Log Insight has always supported the notion of extracted fields. The feature makes it possible to extract useful bits of information from within an event so those bits can be used in other ways such as filtering, aggregation and grouping.
Problems with Extracted Fields
As the amount of logs a Log Insight instance received goes up, extracted fields have the potential to impact performance. The reason for this is two-fold:
- Extracted fields are regular expressions: Regular expressions are always slower than keyword or even glob queries. In addition users define extracted fields which may mean that inefficient regular expressions are used.
- Extracted fields are applied at query time: Some extracted fields may be part of a query meaning that a regular expression is applied in order to gather your results, but all extracted fields are always applied against your results as they are computed at query time. Of course Log Insight has a sophisticated caching mechanism, but extracted fields do come with a cost.
Another problem with extracted fields is that it requires that at least some users understand regular expressions.
In addition to extracted fields, Log Insight supports static fields. Static fields are sent to Log Insight during ingestion time and are stored in an extremely efficient keyword index. The result is that static fields are infinitely faster than extracted fields and do not require an understanding of regular expressions.
Ingesting Static Fields
So how to do you get static fields to Log Insight? Well, the ingestion API (cfapi) has always supported the notion of tags. Tags are metadata that get applied to ingested events. All tags are sent as static fields. The problem with tags is that the do not dynamically support extracting useful bits from within events like extracted fields do.
To address this, the Log Insight 3.0 agents now support agent parsers. Parsers provide a flexible way to extract useful bits of information from within events and send the bits as static fields to Log Insight. As of Log Insight 3.0 the following parsers are supported:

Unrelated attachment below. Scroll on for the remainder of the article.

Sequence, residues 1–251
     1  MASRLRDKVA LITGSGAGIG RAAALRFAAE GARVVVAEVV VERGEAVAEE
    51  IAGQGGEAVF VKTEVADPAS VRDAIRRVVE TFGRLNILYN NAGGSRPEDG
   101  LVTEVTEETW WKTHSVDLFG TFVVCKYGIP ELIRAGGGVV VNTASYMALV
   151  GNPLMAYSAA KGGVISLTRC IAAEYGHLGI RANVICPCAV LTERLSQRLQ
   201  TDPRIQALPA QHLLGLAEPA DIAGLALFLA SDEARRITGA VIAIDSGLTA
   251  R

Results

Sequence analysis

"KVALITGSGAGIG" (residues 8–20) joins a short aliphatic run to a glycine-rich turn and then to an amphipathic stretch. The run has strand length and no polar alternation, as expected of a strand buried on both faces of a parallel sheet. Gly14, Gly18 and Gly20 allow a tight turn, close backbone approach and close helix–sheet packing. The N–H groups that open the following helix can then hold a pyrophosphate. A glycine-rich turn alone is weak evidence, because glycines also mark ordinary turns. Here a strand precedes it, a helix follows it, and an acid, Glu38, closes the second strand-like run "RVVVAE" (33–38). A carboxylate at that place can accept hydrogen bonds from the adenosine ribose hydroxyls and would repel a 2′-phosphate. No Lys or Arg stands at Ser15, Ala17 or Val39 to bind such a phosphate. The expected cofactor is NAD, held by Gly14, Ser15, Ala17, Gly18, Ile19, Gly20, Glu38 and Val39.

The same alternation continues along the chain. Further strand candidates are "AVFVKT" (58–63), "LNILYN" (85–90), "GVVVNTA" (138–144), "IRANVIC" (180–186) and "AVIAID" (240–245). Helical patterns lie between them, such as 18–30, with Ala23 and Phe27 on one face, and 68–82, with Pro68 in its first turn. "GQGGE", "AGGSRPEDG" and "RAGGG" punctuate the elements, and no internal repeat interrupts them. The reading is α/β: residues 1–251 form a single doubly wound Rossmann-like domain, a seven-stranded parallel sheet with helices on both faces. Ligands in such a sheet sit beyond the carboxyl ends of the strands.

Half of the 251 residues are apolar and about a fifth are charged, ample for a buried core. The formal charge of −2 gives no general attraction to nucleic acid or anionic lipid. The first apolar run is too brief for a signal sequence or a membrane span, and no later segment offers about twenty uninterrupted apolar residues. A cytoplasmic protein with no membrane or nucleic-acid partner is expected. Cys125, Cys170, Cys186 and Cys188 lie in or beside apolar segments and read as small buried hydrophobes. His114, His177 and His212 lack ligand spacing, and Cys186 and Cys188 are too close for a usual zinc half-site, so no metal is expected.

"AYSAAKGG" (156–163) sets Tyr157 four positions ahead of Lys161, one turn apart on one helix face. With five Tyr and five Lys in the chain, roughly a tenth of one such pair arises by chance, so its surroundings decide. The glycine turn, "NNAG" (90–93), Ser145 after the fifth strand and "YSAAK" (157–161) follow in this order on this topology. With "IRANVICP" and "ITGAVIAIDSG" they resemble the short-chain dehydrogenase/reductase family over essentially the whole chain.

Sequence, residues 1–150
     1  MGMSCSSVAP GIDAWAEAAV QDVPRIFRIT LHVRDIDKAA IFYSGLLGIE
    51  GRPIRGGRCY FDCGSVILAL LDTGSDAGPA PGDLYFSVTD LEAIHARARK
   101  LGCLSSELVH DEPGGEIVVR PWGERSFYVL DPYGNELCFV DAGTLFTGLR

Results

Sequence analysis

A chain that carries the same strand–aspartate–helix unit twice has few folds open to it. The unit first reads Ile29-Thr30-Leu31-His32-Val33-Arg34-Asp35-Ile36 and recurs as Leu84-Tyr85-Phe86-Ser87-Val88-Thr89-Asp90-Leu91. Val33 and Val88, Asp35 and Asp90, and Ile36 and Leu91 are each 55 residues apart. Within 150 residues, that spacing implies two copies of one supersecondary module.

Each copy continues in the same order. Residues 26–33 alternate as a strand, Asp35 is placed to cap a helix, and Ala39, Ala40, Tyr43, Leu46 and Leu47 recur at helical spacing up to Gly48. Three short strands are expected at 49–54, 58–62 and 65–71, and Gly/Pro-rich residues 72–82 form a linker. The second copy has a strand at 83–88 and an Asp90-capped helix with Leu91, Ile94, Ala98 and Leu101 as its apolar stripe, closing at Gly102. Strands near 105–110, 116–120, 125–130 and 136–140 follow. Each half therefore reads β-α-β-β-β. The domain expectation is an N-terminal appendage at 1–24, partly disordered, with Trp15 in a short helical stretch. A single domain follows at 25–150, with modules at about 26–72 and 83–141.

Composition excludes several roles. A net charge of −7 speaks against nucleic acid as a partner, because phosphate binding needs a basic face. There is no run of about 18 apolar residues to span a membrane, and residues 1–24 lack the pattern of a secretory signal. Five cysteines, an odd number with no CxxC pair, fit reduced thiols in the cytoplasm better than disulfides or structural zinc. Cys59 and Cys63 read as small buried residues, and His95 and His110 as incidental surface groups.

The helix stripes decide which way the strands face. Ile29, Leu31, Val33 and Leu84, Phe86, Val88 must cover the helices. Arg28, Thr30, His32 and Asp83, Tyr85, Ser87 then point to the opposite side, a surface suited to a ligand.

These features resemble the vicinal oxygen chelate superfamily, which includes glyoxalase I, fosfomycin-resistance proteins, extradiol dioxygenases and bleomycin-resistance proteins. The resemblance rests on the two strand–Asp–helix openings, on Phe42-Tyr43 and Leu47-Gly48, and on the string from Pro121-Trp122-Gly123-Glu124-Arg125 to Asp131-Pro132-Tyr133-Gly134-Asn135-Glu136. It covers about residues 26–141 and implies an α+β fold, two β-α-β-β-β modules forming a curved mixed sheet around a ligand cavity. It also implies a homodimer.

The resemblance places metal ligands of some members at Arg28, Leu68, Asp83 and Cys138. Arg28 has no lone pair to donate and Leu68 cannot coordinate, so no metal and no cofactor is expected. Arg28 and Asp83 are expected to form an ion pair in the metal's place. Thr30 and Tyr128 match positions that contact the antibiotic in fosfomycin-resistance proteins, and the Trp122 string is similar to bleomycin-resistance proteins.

- CSV: Comma Separated Value — though the comma can be changed into a different character
- KVP: Key/Value Pair — metadata separated by an equal sign
- CLF: Apache’s Common Log Format — the most flexible of the parsing options today and for more than just Apache logs
- Timestamp: To use timestamps within logs instead of from client or server
- Automatic: Combination of timestamp and KVP parsers
Note: Agent parsers work for both the cfapi and syslog protocols. With cfapi, the parsed information is passed to Log Insight as static fields. With syslog, the parsed information is passed within the STRUCTURED-DATA part of syslog RFC 5424 — meaning the event is modified to include the parsed information.
One of the most common first questions about the agent parsers feature is: What impact does it have on the clients? Given that the parsing capabilities are being passed down from the server to the client clearly this must come with some cost. Of course agent parsers require more resources, but here is why you should not be concerned:
- The agent is extremely efficient and so are the agent parsers: The agent typically consumes less than 2% of a single CPU and 20MB of memory under normal operating conditions and parsers typically introduce no more than 20% additional overhead under normal operating conditions. Of course these are not official numbers, but in my experience the agent significantly outperforms third-party syslog agents like rsyslog and syslog-ng even with parsers configured.
- A client generates only a small subset of the events that the server process: Parsing events requires resources somewhere. If events are parsed server-side then the server resources would need to increase rather drastically given the amount of events the server would need to parser. Clients typically generate a very small number of events making the parser overheard very minimum.
- Parsers should only be used selectively and when the fit one of the built-in parser capabilities: Just like with extracted fields, the user can cause issues with agent parsers. While agent parsers are really cool and really powerful, I would not recommend using them for parsing events they were not designed for. As an example, I would not use any of the parsers for JSON logs today — a future version of the agent may include this parsing capability.
Log Insight 3.0 agents support parsing capabilities making it possible to extract useful bits of information from events and send them as static fields to Log Insight. The result is more performant queries and no need to know regular expressions. In my next series of posts I will walk through the parsing options available today. Are you using agent parsers yet?
© 2015, Steve Flanders. All rights reserved.